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North Shore Trail Riding Etiquette and Behavior in a Global Pandemic

May 8, 2020, 3:48 p.m.
Posts: 1092
Joined: Feb. 5, 2011

Posted by: PaulB

I'd prefer to think they're just being proactive before a weekend which will have the best weather of the year so far, during which lots of people will be looking to get out of their hot homes.  

Let's be real - no one is getting the virus by mountain biking near each other. There's like 30 new cases per day in the entire province. If someone wants to park on Coleman and ride Fromme for 90 mins and ride by 15 other riders over the course of their ride... who is this hurting? Totally bizarre that they are currently putting up additional no parking signs right now.

May 8, 2020, 4:37 p.m.
Posts: 1680
Joined: Aug. 6, 2009

It's not about preventing people from getting the virus while biking/hiking/running, or to deter anyone from doing those activities. If anything, the number of people on the trails is way above average, especially midweek.

The intent was to prevent groups of people gathering at the usual trailheads and to reduce potential transmission due to close proximity. In the week or two before parking was restricted, there were plenty of examples that people weren't capable of acting responsibly on their own, so they shut them down. A secondary objective was to discourage non-locals from driving across the city to get on the trails, but I'm not sure that has happened.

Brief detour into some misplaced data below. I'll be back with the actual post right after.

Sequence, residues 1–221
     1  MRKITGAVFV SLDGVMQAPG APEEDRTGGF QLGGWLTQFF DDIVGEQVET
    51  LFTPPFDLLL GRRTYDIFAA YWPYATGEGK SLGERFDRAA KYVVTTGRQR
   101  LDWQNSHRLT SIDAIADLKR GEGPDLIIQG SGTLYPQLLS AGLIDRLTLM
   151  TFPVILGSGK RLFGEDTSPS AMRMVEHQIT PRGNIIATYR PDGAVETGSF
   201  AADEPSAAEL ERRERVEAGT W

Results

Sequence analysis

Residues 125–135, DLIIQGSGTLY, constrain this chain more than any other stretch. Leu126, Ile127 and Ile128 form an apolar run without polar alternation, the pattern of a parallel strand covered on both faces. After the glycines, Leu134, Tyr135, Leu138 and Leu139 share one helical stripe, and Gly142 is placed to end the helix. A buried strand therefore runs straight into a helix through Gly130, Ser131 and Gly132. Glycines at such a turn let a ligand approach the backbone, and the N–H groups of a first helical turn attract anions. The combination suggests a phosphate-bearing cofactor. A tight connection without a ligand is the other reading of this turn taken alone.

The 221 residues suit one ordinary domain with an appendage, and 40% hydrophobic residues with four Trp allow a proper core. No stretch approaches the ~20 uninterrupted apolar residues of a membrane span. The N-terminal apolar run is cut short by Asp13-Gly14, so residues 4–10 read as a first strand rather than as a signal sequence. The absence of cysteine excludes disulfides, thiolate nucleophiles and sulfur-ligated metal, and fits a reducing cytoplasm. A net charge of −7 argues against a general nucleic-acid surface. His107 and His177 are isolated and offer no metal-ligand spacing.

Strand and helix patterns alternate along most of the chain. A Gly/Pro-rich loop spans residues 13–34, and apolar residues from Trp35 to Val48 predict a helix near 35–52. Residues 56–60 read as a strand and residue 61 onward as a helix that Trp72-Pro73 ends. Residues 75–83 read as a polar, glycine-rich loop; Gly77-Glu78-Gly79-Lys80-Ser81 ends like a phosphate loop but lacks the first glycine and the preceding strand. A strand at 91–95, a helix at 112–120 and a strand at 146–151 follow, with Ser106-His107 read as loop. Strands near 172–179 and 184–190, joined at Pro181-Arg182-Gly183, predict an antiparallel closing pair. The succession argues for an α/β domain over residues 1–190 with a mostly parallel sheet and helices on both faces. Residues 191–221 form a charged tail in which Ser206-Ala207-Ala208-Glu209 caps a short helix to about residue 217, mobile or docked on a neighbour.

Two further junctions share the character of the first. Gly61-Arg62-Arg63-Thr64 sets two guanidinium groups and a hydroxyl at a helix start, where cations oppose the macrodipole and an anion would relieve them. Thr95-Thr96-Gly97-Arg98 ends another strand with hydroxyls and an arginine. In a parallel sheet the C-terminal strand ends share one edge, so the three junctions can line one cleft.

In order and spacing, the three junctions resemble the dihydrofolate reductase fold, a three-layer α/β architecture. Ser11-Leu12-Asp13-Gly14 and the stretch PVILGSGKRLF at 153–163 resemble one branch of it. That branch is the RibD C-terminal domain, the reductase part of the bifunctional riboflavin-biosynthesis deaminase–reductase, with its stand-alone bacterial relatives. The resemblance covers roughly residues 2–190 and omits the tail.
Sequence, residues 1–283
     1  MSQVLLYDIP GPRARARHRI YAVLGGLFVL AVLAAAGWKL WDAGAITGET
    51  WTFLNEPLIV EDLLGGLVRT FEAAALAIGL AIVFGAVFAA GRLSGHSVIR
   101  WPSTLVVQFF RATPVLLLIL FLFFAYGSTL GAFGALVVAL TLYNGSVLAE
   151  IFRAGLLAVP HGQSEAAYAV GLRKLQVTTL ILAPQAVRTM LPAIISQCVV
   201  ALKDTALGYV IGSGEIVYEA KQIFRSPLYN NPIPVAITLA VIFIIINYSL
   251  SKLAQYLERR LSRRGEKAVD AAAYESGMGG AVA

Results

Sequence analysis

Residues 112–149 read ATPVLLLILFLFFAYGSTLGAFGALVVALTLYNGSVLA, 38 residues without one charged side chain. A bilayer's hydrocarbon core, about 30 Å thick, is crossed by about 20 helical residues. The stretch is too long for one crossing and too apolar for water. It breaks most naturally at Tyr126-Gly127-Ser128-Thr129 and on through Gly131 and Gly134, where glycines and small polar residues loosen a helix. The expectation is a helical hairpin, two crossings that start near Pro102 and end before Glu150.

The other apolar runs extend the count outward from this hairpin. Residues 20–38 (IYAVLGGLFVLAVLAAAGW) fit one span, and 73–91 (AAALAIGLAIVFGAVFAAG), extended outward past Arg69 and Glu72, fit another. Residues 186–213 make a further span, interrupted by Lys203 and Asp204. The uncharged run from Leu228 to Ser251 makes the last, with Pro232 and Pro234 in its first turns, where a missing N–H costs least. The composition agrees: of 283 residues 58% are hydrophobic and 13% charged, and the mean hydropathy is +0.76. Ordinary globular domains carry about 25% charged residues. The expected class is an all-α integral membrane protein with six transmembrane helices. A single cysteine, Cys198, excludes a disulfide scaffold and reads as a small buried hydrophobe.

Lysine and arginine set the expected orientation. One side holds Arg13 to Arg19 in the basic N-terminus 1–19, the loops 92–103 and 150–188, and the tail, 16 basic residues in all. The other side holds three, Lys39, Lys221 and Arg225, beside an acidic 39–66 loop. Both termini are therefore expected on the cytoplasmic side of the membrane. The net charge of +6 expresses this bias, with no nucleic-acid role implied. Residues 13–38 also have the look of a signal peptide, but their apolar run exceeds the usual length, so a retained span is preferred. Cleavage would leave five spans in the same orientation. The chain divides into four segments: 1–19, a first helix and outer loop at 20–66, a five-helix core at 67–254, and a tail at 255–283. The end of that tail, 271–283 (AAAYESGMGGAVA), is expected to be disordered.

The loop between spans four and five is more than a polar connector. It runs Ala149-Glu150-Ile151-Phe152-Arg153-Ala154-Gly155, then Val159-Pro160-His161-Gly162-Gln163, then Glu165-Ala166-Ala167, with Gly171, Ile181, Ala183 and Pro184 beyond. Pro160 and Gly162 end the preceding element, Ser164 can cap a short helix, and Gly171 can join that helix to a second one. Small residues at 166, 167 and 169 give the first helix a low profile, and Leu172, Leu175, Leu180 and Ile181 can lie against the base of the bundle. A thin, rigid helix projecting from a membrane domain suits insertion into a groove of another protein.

The ripple effect is the vehicles that would usually be parked at the trailheads are now spread through the surrounding neighbourhoods, and the residents are getting unhappy, thus the expanding signage.


 Last edited by: PaulB on May 8, 2020, 9:34 p.m., edited 1 time in total.
May 8, 2020, 6:09 p.m.
Posts: 1092
Joined: Feb. 5, 2011

Posted by: PaulB

The ripple effect is the vehicles that would usually be parked at the trailheads are now spread through the surrounding neighbourhoods, and the residents are getting unhappy, thus the expanding signage.

Oh the pain and agony of having a car that belongs to someone else parked in front of your lawn for 2 hours while they ride their mountain bike.... how will the homeowners ever overcome this grief.

The trails aren’t owned by the select few that are fortunate enough to live near them, and neither are the public roads that they live on. 

If you choose to live directly beside world class mountain bike trails don’t get mad when others come to use them. You can’t have your cake and eat it too.

May 8, 2020, 6:24 p.m.
Posts: 1927
Joined: Nov. 23, 2002

Posted by: Bull_Dozer

Posted by: PaulB

The ripple effect is the vehicles that would usually be parked at the trailheads are now spread through the surrounding neighbourhoods, and the residents are getting unhappy, thus the expanding signage.

Oh the pain and agony of having a car that belongs to someone else parked in front of your lawn for 2 hours while they ride their mountain bike.... how will the homeowners ever overcome this grief.

The trails aren’t owned by the select few that are fortunate enough to live near them, and neither are the public roads that they live on. 

If you choose to live directly beside world class mountain bike trails don’t get mad when others come to use them. You can’t have your cake and eat it too.